Thu Feb 11 09:05:09 CET 1999
> On 11 Feb 1999, Ben Hyde wrote:
> bhyde>Date: 11 Feb 1999 04:06:32 -0000
> bhyde>From: Ben Hyde <bhyde@REDACTED>
> bhyde>To: Erlang Q. <erlang-questions@REDACTED>
> bhyde>Subject: Can't allocate?
> bhyde>Any advise about this failure?
> bhyde> > gmake ..
> bhyde> ...
> bhyde> erlc -W -bjam -o../ebin gtk_generic.erl
> bhyde> Can't allocate 8713236 bytes of memory
> bhyde> ...
> bhyde>I seem to have lots of swap space at the point
> bhyde>of failure. - ben
> The error message means that the address space of the Erlang emulator
> has been exhausted. The current limit in JAM is about 240M. The limit
> has recently been increased i the new and better BEAM system.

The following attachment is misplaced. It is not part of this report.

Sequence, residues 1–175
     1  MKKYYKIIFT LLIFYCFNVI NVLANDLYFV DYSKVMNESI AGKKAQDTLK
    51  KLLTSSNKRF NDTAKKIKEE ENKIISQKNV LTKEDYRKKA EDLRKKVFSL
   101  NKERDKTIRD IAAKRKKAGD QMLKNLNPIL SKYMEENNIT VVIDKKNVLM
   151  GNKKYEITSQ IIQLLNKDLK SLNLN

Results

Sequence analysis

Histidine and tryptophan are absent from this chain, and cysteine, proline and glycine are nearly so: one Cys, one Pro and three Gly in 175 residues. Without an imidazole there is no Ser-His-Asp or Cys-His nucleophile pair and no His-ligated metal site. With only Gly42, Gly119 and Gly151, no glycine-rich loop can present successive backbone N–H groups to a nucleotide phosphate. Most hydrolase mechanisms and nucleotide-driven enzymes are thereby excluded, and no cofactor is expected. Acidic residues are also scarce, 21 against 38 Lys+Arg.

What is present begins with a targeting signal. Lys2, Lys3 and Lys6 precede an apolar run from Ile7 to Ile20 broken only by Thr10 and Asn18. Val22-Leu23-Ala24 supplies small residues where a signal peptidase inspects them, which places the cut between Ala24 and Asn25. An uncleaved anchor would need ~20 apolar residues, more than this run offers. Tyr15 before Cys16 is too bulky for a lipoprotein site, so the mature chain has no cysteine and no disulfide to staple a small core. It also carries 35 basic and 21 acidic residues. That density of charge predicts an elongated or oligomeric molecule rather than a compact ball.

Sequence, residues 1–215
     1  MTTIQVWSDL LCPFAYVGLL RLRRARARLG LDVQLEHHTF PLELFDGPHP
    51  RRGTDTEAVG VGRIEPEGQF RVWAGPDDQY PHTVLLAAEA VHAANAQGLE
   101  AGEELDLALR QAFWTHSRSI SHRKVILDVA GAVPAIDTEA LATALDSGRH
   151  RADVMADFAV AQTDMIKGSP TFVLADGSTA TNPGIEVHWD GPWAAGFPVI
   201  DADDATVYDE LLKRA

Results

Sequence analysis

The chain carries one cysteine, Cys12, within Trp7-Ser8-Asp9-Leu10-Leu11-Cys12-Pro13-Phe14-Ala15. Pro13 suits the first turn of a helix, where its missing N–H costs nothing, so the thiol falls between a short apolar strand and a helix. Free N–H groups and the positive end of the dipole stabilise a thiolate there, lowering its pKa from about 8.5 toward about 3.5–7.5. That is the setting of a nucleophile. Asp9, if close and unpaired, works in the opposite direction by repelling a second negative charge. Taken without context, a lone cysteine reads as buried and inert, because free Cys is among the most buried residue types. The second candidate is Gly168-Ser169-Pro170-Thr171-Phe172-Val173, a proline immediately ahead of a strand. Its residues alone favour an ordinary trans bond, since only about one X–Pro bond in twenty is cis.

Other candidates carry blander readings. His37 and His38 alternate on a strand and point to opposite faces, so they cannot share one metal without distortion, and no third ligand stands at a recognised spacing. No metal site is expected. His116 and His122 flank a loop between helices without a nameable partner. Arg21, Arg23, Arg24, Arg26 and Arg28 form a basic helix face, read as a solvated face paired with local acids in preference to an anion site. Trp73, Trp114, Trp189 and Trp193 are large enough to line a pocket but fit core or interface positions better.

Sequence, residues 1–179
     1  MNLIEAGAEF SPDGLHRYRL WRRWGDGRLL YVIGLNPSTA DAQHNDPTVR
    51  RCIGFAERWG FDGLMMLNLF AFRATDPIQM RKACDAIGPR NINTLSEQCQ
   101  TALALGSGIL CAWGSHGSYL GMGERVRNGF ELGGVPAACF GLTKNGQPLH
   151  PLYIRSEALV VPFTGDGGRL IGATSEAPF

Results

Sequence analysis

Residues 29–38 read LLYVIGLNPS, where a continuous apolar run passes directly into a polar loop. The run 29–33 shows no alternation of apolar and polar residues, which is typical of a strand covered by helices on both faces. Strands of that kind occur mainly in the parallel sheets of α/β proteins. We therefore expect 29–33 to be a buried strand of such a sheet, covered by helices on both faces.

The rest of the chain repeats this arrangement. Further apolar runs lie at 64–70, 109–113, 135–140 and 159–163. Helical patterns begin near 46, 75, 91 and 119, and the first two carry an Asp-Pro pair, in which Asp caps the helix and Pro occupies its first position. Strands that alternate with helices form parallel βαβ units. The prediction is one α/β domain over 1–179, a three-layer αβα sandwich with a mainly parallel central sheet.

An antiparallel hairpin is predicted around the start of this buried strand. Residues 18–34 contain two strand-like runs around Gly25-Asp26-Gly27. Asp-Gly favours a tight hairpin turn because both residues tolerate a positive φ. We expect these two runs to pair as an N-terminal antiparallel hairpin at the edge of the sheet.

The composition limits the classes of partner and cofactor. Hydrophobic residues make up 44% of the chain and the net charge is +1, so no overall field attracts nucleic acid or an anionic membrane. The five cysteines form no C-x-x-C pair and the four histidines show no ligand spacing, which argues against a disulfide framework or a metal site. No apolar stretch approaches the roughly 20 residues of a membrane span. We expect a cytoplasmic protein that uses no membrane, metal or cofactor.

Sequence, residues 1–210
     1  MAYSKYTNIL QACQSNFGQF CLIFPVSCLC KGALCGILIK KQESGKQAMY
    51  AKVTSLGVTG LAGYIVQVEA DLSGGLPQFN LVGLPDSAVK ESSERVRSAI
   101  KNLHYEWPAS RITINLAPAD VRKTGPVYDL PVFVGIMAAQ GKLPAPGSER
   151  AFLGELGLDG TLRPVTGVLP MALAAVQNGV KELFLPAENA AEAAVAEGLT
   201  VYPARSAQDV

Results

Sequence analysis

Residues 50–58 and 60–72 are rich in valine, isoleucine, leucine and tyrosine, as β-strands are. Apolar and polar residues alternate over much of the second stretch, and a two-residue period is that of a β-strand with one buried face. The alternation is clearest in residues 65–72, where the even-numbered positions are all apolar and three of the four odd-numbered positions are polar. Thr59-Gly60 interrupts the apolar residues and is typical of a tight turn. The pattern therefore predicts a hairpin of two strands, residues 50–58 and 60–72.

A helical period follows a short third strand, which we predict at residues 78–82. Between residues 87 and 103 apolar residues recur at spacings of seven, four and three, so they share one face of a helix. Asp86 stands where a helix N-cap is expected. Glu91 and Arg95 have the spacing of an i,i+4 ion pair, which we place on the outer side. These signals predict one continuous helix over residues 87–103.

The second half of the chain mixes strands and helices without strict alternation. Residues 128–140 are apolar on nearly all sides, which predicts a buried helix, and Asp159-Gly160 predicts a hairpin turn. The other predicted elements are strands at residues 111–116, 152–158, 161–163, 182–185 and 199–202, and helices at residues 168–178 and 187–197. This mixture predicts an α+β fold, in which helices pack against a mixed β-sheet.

Sorry Hakan, but that is not the case. If the emulator runs out of
address space it produces a
message like: 'Got unusable memory block ...', which means it did a
malloc() and got a block above the 256MB (28 bit) limit.
The problem above may be caused by low memory, but could also be caused
by a bug in the emulator, I couldn't say, so I'll keep my mouth shut.
If it happens everytime (or atleast quite often), you should probably
dig into the memory handling stuff of the emulator (yikes!).
> Hopefully the emulator produced a file named erl_crash.dump. It
> should contain useful information about the inner state of the
> emulator just before it gave up.
The erl_crash dump won't help much in most cases. It contains
information about the processes that was running at the point of
failure, and process information about them. Nowadays (in a more recent
emulator), we have stack dumps in the erl-crash.dump file, which helps
some more in some cases. Nothing like a regular core file, but still of
Best Regards, Mattias Nilsson
Open Telecom Platform, Open Systems, Ericsson
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